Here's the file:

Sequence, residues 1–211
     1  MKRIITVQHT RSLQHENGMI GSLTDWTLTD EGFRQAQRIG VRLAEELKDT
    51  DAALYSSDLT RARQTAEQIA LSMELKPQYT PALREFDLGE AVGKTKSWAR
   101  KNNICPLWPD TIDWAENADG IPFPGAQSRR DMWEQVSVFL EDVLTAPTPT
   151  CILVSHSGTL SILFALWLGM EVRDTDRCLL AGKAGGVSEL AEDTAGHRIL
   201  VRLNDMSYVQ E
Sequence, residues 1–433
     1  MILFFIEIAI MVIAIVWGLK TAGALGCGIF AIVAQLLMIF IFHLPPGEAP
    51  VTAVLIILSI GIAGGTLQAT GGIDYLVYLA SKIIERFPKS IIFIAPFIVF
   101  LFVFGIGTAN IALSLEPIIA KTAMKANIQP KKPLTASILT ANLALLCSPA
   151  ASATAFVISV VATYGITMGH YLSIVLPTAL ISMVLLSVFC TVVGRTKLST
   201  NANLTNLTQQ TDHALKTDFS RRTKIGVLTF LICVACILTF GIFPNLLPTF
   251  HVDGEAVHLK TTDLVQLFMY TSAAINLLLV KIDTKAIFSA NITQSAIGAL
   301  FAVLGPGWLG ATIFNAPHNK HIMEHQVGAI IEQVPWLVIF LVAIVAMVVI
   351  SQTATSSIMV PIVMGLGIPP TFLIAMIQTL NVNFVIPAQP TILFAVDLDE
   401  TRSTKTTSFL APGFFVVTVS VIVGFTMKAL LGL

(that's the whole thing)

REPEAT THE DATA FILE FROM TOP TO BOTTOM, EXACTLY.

Sequence, residues 1–211
     1  MKRIITVQHT RSLQHENGMI GSLTDWTLTD EGFRQAQRIG VRLAEELKDT
    51  DAALYSSDLT RARQTAEQIA LSMELKPQYT PALREFDLGE AVGKTKSWAR
   101  KNNICPLWPD TIDWAENADG IPFPGAQSRR DMWEQVSVFL EDVLTAPTPT
   151  CILVSHSGTL SILFALWLGM EVRDTDRCLL AGKAGGVSEL AEDTAGHRIL
   201  VRLNDMSYVQ E
Sequence, residues 1–433
     1  MILFFIEIAI MVIAIVWGLK TAGALGCGIF AIVAQLLMIF IFHLPPGEAP
    51  VTAVLIILSI GIAGGTLQAT GGIDYLVYLA SKIIERFPKS IIFIAPFIVF
   101  LFVFGIGTAN IALSLEPIIA KTAMKANIQP KKPLTASILT ANLALLCSPA
   151  ASATAFVISV VATYGITMGH YLSIVLPTAL ISMVLLSVFC TVVGRTKLST
   201  NANLTNLTQQ TDHALKTDFS RRTKIGVLTF LICVACILTF GIFPNLLPTF
   251  HVDGEAVHLK TTDLVQLFMY TSAAINLLLV KIDTKAIFSA NITQSAIGAL
   301  FAVLGPGWLG ATIFNAPHNK HIMEHQVGAI IEQVPWLVIF LVAIVAMVVI
   351  SQTATSSIMV PIVMGLGIPP TFLIAMIQTL NVNFVIPAQP TILFAVDLDE
   401  TRSTKTTSFL APGFFVVTVS VIVGFTMKAL LGL